Andhra Pradesh – In Dharmapuri village, Karimnagar district a about 40 Hindu extremists shouting slogans broke into the house of a Christian on April 6 and, using abusive language, dragged a visiting pastor and three women to the police station. The pastor, 67-year-old Prabhu Dass, told Compass that the family living in the house had invited him and the other Christians for prayer, but the Hindu extremists charged him with attempting forcible conversion, registering a First Information Report against him. “Along with three Christian women visiting their house, I was taken to the police station while one man among us escaped,” Pastor Dass told Compass. He and others were released on bail after much difficulty on April 9, he said. “They have threatened sister Radha, the lady of the house I visited, to give witness against me in the court,” said a terrified Pastor Dass. “They shot my photograph, and it was telecast on the local television channels and three local newspapers the very next day.” He termed the incident part of a larger conspiracy of Hindu extremists against area Christians.
Karnataka – Hindu nationalists on April 5 attacked pastor M. Abel as he was on his way to preach as a guest at the House of Salvation Church in Chamrajnagar district. The Global Council of Indian Christians reported that at about 1 p.m. a mob led by Goundar Gurupadappa, along with two policemen from Anoor police station in Vadarpalaya village, stopped Pastor Abel; an officer identified only as Suresh began beating him and falsely accusing him of forceful conversion. At the church’s rented facility, the intolerant Hindus also took Senior Pastor Samuel Ravi and the local church pastor who had invited him to speak, identified only as Abraham, to nearby Lingayat Mutt and warned them not to conduct any further worship or prayer services. They also warned two other area churches, Pentecostal Church and Bethesda, in the same village against holding worship services. Ravi told Compass that no Christian worship was held April 12 and April 19, as the landlord made them vacate the premises, and no one was willing to rent them a hall out of fear of the Hindu extremists.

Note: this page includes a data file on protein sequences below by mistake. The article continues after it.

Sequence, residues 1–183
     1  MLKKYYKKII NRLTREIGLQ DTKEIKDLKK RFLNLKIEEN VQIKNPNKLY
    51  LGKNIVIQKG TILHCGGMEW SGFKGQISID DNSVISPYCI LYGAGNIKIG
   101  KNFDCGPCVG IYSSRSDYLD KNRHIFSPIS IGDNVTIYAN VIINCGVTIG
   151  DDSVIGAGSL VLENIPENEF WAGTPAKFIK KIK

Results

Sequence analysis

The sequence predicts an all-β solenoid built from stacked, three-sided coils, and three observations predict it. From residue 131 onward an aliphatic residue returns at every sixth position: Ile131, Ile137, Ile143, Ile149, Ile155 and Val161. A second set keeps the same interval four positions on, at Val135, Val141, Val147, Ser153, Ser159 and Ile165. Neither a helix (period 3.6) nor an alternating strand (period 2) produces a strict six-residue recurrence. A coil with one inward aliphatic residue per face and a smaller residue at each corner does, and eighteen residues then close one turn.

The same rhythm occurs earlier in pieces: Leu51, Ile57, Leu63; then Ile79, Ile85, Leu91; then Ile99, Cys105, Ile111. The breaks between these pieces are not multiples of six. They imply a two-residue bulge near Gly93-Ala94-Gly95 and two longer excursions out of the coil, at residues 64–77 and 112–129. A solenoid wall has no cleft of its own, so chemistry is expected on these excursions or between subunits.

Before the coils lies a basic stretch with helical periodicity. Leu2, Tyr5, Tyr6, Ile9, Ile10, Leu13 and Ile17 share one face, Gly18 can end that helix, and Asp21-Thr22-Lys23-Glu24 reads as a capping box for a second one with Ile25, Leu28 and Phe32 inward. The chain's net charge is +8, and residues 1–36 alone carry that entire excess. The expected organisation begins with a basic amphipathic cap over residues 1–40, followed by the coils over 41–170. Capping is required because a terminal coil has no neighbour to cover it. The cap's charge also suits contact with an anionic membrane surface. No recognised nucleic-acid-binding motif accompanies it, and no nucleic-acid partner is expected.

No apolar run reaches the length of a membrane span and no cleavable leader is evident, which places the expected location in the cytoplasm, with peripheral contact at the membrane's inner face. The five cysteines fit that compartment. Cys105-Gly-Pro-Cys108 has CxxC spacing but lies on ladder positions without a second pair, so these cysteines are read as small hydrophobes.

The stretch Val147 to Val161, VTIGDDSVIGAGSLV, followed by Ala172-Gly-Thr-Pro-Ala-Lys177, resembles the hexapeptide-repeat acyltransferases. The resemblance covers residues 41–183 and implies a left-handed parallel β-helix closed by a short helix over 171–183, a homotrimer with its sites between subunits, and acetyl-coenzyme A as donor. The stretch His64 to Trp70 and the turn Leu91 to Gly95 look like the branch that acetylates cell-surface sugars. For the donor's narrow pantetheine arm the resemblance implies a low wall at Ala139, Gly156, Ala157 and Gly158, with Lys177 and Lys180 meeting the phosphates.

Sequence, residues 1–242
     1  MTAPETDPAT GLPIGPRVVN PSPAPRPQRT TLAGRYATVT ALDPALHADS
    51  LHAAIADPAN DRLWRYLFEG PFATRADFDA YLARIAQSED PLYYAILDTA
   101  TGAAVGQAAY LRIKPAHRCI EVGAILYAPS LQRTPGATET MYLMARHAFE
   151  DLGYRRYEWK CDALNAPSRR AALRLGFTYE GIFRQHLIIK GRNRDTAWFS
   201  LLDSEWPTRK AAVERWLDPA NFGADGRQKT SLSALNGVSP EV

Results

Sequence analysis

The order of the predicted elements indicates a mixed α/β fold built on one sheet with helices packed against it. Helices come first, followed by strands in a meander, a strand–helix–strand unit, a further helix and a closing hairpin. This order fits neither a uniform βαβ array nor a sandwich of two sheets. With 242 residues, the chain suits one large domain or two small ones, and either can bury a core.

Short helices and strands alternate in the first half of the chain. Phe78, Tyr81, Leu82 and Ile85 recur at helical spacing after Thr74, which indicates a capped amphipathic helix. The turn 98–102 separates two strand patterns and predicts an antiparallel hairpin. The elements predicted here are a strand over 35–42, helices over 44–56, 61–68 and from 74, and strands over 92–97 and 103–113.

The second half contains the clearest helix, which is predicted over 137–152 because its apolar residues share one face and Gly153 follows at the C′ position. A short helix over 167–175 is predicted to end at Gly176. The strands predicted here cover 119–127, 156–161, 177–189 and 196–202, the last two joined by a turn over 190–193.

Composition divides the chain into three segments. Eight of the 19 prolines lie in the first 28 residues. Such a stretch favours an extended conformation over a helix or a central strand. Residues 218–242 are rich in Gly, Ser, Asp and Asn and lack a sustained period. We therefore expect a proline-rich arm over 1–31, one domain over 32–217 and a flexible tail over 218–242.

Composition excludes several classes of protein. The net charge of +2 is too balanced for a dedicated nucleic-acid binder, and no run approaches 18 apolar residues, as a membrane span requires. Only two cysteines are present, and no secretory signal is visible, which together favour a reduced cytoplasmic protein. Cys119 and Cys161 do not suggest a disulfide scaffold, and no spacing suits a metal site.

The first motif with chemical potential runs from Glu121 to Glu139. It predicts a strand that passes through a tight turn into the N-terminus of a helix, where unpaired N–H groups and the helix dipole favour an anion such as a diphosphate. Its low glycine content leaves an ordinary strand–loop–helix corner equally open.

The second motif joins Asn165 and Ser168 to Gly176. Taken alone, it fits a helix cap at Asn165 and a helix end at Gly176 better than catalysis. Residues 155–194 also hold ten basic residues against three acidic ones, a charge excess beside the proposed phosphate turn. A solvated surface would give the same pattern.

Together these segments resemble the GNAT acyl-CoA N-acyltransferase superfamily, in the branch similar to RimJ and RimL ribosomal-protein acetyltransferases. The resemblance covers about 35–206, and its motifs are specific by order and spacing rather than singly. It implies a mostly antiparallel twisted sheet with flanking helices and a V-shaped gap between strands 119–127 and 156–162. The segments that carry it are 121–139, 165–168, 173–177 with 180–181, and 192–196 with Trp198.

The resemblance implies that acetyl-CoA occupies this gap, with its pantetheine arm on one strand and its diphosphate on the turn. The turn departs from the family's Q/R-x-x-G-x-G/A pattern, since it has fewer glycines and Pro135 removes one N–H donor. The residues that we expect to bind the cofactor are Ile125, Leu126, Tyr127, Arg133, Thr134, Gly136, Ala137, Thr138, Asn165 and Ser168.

Andhra Pradesh – A member of the Hindu extremist Bajrang Dal, youth wing of the World Hindu Council, on March 28 threatened to kill pastor G. Timothy of the Brethren Fellowship if he did not leave his village in Warrangal within 48 hours. The All Indian Christian Council (AICC) reported that a Bajrang Dal worker identified only as Ravi barged into the pastor’s house and told him to come outside with him. When the pastor refused, Ravi began insulting the pastor and his faith and threatened to murder him. A group of extremists had recently attacked two new converts of the church and had reportedly threatened to continue the violence if the fellowship continued to meet. Additionally, the church sound system had recently been stolen, according to the AICC. The pastor filed a police complaint but no arrests had been made at press time.
Andhra Pradesh – Hindu hardliners on March 27 attacked a pastor and other Christians in Hyderabad. The All Indian Christian Council reported that pastor Pramodam Joshua of Shalom Bible Church and members of his leadership team were on their way back home from the meeting at a church member’s rented home when three Hindu extremists stopped them. They accused the pastor of forceful conversion and started beating him, his son and a Christian identified only as Yaeeru. The pastor received hospital treatment for internal injuries. The Hindu extremists also threatened the landlord of the hosting church member’s house for allowing them to hold a prayer service there. Local Christian leaders filed a police complaint at Amberbet police station, but no arrests had been made at press time.
Andhra Pradesh – Hindu extremists in Chitoor on March 24 burned a church building, resulting in damages totaling 30,000 rupees (US$600). The Global Council of Indian Christians reported that Hindu hardliners set ablaze the Jesus Prayer House Church, damaging Bibles, hymnals and furniture and destroying the thatched structure. A church representative told Compass that the pastor had received several threats from the Hindu extremist Bajrang Dal, youth wing of the World Hindu Council, warning him not to lead worship meetings in the area. The pastor filed a police complaint at Renigunta police station, but no arrests had been made at press time.
Report from Compass Direct News